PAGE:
My answer is the owner in the long run, and the software should have been supplied with the boat. If it was my million dollar vessel, I would absolutely want to have control of this, or at the least, I would choose who would perform this critical function for me. The entire boat's operation depends on this software working properly and being maintained, or modified when needed. It's extremely important to keep very close track of it.

Question two is, "How much documentation should come with your new high tech boat? My straight forward answer is a whole lot. In this case, the boat was almost devoid of information. An incorrect owners manual, and a collection of pamphlets on big systems like engines, freezers, and the ilk was all that existed.

The manufacturer has been politely cooperative, in an arm's length sort of way in supplying information. But it is apparent to me the info is scattered all over their system. It has taken several months to extract the data and to compile it. Half the battle was in finding out what even existed. On the control system alone, I have accumulated over 500 pages of materials. Questions are now answered like where are the about 80 control modules located in the boat? What are modules are being used for? What are the program addresses? How do you perform manual system overrides in emergencies? What are the part numbers? In addition, actual wiring diagrams, a correct owners manual, system overviews, and many others have now been gathered and printed.

A large three-ring binder is nearly filled, and the attached thumb drive has all of the technical errata such as the programming software, and lots of photographic documentation. So now back to my problem with the software. If the correct version can't be found, we will have to purchase a new computer and load it with the last known version for the boat. Since the system was programmed based on the options for each boat, it is suspected that it won't be perfect out of the box. Changes will have to made to fix it. Once this ordeal is completed, the software will be saved, and the original computer will be loaded with it and stored as a backup. The software will be backed up in two locations. One copy on the boat, and a second copy onshore. All of these gyrations and expenses are caused by a lack of crucial software configuration management. Yep, it is a technical world and becoming even more so. It's time for boat builders to catch up if you want to play with the big boys.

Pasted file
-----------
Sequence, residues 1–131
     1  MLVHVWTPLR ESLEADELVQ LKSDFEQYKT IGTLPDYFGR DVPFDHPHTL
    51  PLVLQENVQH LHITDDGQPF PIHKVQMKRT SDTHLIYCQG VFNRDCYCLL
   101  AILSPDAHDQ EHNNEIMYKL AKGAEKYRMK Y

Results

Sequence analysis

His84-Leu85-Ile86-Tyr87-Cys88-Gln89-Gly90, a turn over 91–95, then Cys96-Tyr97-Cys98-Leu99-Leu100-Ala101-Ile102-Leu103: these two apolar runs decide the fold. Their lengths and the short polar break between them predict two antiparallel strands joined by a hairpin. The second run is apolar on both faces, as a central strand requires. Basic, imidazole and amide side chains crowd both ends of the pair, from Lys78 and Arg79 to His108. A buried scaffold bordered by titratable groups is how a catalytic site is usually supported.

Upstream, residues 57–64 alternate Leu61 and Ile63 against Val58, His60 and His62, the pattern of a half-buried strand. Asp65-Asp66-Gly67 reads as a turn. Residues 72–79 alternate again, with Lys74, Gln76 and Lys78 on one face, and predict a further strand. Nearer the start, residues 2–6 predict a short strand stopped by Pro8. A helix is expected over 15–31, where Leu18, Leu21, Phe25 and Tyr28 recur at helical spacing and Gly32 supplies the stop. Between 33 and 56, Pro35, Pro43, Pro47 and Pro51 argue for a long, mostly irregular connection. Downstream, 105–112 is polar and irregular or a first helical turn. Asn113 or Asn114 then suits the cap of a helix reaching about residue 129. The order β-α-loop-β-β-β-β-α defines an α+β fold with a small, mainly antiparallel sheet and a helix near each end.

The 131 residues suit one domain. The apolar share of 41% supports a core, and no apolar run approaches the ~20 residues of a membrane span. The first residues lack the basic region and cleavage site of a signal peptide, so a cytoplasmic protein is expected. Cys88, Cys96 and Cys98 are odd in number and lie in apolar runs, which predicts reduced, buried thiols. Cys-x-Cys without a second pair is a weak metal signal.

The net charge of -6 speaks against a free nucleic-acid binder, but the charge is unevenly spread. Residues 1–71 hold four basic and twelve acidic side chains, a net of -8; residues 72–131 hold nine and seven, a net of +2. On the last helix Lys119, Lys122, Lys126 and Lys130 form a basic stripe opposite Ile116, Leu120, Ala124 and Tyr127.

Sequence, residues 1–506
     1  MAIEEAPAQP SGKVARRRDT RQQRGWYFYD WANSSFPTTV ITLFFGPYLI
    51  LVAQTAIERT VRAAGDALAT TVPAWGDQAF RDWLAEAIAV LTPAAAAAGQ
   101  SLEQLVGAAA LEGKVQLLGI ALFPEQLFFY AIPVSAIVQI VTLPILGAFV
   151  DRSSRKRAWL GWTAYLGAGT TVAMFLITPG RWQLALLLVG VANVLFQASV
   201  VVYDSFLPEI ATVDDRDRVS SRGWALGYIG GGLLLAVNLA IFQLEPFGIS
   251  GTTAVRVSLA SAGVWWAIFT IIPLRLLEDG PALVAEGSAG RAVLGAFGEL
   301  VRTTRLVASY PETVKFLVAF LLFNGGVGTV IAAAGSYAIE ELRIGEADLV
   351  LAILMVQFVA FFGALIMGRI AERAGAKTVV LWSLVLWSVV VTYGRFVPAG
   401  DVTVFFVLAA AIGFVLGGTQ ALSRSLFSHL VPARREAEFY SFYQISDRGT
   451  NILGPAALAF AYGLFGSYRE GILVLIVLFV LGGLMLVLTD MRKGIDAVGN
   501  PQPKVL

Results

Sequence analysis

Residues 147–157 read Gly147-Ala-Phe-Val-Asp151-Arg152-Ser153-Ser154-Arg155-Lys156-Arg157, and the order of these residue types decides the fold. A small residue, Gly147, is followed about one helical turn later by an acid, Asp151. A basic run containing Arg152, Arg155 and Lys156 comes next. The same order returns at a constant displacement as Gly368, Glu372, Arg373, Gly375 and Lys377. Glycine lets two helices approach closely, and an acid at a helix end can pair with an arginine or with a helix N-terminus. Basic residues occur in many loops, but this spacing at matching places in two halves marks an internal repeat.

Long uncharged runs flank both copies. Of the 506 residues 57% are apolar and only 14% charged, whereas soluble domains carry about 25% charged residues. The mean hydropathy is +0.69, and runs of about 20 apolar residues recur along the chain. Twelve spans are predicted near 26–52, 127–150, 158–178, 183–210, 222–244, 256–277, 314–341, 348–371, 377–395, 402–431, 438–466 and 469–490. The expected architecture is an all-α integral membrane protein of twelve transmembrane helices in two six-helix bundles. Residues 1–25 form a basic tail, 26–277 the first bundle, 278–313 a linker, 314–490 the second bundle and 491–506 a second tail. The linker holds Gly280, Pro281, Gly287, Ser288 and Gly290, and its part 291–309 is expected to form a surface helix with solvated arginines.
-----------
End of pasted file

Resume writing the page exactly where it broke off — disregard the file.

As the complexity of vessels increase, it is important that the documentation level increases exponentially, and stays with the boat. Builders go out of business, vessels aren't always near dealers, and all too often the level of complexity is so high, even the dealers often don't have good capabilities to support the technology.